The use of behaviors is also important when providing positive feedback. For example, if after a meeting that I conducted, my boss tells me “good job,” does that really tell me anything? Sure I am happy that he recognized me, but I don’t know what he is recognizing me for. As an employee it is important for me to know so I continue doing that specific behavior. The following are examples of positive inferences and specific supporting behaviors.

Inference

Associated Behavior

Team player

Asks if teammates need assistance

Good communicator

Ask for understanding once directives are given

Trustworthy

Admits mistakes

Solution focused

Identifies problem and offers a solution

Passionate

Sets and achieves goals

Collaborative

Asks others opinions in meetings

Positive Attitude

Smiles

Utilizing behaviors takes practice. We are so used to speaking in inferences and also receiving feedback in inferences. It takes a little extra effort, but it is worth it to give employees actionable feedback that they can utilize.

5 Steps to Feedback

Now that we know what words to use during our feedback discussion, we need to understand a model, that when utilized, will give us confidence as supervisors and also place responsibility on the employee.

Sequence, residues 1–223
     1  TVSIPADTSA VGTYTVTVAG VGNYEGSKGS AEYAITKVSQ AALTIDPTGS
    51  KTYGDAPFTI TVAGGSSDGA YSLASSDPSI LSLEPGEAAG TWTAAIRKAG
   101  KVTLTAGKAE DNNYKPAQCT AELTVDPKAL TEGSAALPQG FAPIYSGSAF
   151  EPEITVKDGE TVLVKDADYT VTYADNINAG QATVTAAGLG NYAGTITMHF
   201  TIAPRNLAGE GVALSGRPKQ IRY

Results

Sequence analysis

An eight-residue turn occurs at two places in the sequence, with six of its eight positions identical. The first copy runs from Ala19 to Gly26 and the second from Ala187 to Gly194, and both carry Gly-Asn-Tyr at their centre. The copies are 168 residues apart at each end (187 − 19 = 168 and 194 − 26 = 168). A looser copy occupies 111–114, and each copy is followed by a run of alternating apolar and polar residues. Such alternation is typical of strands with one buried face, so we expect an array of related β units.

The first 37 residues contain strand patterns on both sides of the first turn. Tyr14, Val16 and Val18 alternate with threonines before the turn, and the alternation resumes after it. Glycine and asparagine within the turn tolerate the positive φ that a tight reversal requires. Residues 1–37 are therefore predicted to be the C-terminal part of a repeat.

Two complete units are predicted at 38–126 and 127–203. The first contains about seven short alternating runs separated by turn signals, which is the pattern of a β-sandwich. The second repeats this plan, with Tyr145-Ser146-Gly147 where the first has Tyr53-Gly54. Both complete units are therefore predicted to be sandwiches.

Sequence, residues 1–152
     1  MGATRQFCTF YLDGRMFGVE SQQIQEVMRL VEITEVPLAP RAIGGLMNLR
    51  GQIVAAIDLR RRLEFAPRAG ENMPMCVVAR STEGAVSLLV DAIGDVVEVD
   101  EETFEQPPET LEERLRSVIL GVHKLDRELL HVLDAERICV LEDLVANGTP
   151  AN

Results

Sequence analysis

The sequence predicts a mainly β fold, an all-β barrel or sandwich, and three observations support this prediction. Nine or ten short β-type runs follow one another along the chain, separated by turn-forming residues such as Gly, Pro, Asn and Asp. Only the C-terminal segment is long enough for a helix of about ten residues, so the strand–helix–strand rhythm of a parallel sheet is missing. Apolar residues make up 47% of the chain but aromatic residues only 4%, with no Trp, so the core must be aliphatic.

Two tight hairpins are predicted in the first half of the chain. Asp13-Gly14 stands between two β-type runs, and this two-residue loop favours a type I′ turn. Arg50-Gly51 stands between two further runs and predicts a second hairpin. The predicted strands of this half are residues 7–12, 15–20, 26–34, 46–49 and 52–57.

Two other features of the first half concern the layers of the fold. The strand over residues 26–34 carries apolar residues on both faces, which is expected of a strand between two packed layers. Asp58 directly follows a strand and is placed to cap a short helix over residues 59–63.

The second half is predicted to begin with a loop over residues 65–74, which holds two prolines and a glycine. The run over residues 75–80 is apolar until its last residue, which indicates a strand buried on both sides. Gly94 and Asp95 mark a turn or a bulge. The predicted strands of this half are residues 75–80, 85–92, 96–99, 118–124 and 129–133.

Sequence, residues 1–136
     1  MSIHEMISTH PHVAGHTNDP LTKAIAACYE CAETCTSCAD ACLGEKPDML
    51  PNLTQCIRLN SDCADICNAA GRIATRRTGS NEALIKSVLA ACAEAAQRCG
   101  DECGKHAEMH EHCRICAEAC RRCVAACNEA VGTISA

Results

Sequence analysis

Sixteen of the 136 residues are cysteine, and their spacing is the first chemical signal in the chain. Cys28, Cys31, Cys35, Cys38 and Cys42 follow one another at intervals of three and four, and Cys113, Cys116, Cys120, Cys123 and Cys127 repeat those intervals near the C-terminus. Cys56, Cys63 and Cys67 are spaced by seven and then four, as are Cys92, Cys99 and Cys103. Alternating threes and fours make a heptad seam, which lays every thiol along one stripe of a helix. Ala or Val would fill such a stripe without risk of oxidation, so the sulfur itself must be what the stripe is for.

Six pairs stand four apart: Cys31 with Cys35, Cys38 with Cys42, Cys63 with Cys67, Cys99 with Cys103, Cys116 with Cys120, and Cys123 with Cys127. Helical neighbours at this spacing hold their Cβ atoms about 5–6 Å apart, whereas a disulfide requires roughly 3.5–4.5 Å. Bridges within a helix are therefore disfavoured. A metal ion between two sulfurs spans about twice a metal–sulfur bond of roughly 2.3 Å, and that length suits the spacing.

The model for providing feedback includes 5 important steps:

  1. Question to Employee: What went well?
  2. Question to the Employee: What can be improved?
  3. Supervisor Statement: This is what went well…
  4. Supervisor Statement: This is what can be improved…
  5. Question to Employee: What will you do differently next time?

The first step in the model is asking the employee, “What went well?” This is probably an unusual question based on the way we have been providing feedback in the past, especially if it is critical feedback. But there are several very important reasons we do this. First, it starts on a positive note. It helps the employee take a look at the situation and discover what he or she did correctly. Second, it starts the model with the question to the employee. It gets the employee involved right away. Third, it shows that as the supervisor, you are wanting to hear the employee’s perspective, and not only that, but the positive side of it first.